Rodeo is a fast, furious and adrenaline-filled tradition of cowboy culture in the United States. And while it would be little without the cowboys and girls who get down and dirty in competition, Don Jesser is the man who brings all of the rural elements together for those gathered in the grandstands.

Photo by Rich BreaultAs one of the nation’s few horseback announcers, the moment Jesser swings into the saddle atop his mount… and hollars. “It’s Time to Rodeo”

Contestants and onlookers alike are greeted by his confident, deep voice through the tiny reverberations of loud speakers as he rides into the arena. When Jesser asks, “Ladies and gentlemen, are you ready to rodeo?” he means it.

The enthusiastic responses drawn by his inquiry can often be heard far beyond the arena as fans whoop and holler in anticipation of the excitement and suspense ahead of them.

While most rodeo announcers narrate events from elevated booths, Jesser prefers to remain part of the action. Amongst a backdrop of freshly churned dirt, wearing his signature crimson chaps and vest, Jesser rests above “Crusher,” his caramel and cream steed as he announces the rodeo.

“It takes a very experienced person in rodeo to be a horseback announcer,” the Twin Falls resident says. “There are a lot of guys who have no business being in arena announcing because they can’t talk and ride a bicycle at the same time, let alone a horse. But my circumstances are a little different.”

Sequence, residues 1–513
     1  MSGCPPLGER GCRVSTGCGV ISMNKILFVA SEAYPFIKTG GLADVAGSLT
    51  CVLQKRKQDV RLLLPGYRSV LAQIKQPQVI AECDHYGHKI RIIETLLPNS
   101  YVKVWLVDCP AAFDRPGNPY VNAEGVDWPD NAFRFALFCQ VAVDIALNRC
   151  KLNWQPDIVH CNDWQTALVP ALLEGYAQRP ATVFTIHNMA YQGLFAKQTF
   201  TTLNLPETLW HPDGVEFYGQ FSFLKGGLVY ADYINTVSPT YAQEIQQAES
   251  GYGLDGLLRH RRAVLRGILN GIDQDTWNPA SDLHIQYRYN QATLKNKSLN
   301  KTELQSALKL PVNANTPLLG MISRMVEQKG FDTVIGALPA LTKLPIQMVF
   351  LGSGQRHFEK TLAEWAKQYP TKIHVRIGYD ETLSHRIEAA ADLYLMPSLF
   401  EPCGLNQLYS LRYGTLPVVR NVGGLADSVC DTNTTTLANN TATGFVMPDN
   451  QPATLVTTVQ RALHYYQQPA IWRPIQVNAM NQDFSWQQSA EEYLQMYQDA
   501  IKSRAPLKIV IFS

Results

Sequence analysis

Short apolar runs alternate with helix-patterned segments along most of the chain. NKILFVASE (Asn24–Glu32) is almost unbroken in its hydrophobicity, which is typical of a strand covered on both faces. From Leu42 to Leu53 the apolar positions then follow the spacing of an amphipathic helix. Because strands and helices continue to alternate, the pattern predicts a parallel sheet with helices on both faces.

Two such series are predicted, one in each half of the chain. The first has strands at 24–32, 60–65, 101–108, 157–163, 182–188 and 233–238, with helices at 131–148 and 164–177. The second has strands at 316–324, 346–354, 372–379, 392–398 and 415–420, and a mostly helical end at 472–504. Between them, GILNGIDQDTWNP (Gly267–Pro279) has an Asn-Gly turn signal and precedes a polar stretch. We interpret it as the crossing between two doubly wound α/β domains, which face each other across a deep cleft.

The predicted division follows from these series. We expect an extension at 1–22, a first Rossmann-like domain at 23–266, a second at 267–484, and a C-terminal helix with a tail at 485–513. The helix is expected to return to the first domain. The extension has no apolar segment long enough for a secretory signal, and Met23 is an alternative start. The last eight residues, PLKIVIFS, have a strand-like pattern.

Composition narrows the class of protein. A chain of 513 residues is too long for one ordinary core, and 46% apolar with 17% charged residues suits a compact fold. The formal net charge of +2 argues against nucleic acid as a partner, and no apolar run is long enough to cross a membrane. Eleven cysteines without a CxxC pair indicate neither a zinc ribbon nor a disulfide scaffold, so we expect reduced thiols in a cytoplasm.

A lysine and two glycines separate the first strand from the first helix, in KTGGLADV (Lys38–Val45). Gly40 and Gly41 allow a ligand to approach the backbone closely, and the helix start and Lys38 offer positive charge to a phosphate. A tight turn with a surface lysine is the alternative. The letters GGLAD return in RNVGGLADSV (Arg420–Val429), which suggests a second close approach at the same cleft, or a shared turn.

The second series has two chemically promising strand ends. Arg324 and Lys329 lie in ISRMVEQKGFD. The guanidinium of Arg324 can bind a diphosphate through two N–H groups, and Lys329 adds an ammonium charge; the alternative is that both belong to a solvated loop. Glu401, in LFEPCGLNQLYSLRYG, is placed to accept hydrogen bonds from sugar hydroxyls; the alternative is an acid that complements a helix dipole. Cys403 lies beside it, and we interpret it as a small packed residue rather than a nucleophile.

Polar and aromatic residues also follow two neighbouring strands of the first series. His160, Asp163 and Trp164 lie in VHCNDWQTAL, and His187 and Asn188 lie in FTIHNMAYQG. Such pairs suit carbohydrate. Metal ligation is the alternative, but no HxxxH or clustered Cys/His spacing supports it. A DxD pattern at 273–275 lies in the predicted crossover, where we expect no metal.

Jesser spent the first seventeen years of his rodeo career tempting fate by lowering himself onto the back of cunning and feisty horses. A slight nod of his head would send the chute gate swinging open as he attempted to best the animal for eight seconds. Though he met much success in his rough stock ventures, the “rough” caught up with him, along with a three-time broken back.

Photo © Jason LugoKnowing that his competitive days were over, Jesser opted to become a pick-up man instead of giving up rodeo completely. For several years he rode up alongside his fellow cowboys, helping them dismount their bucking horses after successful rides. Soon after, he began announcing small rodeos throughout Southern Idaho. In 1992, after just two years announcing in the Professional Rodeo Cowboys Association (PRCA), Jesser was able to leave his lifetime of long, hard days in the saddle cowboying across the West behind him to become a full time announcer.

Because of his experience competing in rodeos and later working as a pick-up man, Jesser knew where to be and where not to be during the more dangerous events, allowing him to take on a horseback vantage point while announcing.

“Being in the arena I am able to relate to the crowd so much better,” Jesser says. “I can ride over, talk with the crowd and connect with them so much easier than from a booth. They associate me as part of the rodeo.”

However, arena-side announcing has not been without its challenges for Jesser. Each rodeo requires a large amount of research and memorization about the contestants and stock being ridden.

“I can’t just read off a piece of paper like if I were in a booth, so I do a lot of homework,” Jesser says.

From knowing award-winning bucking bulls to which cowboys are world champions, Jesser harbors a substantial cowboy encyclopedia under his black felt hat.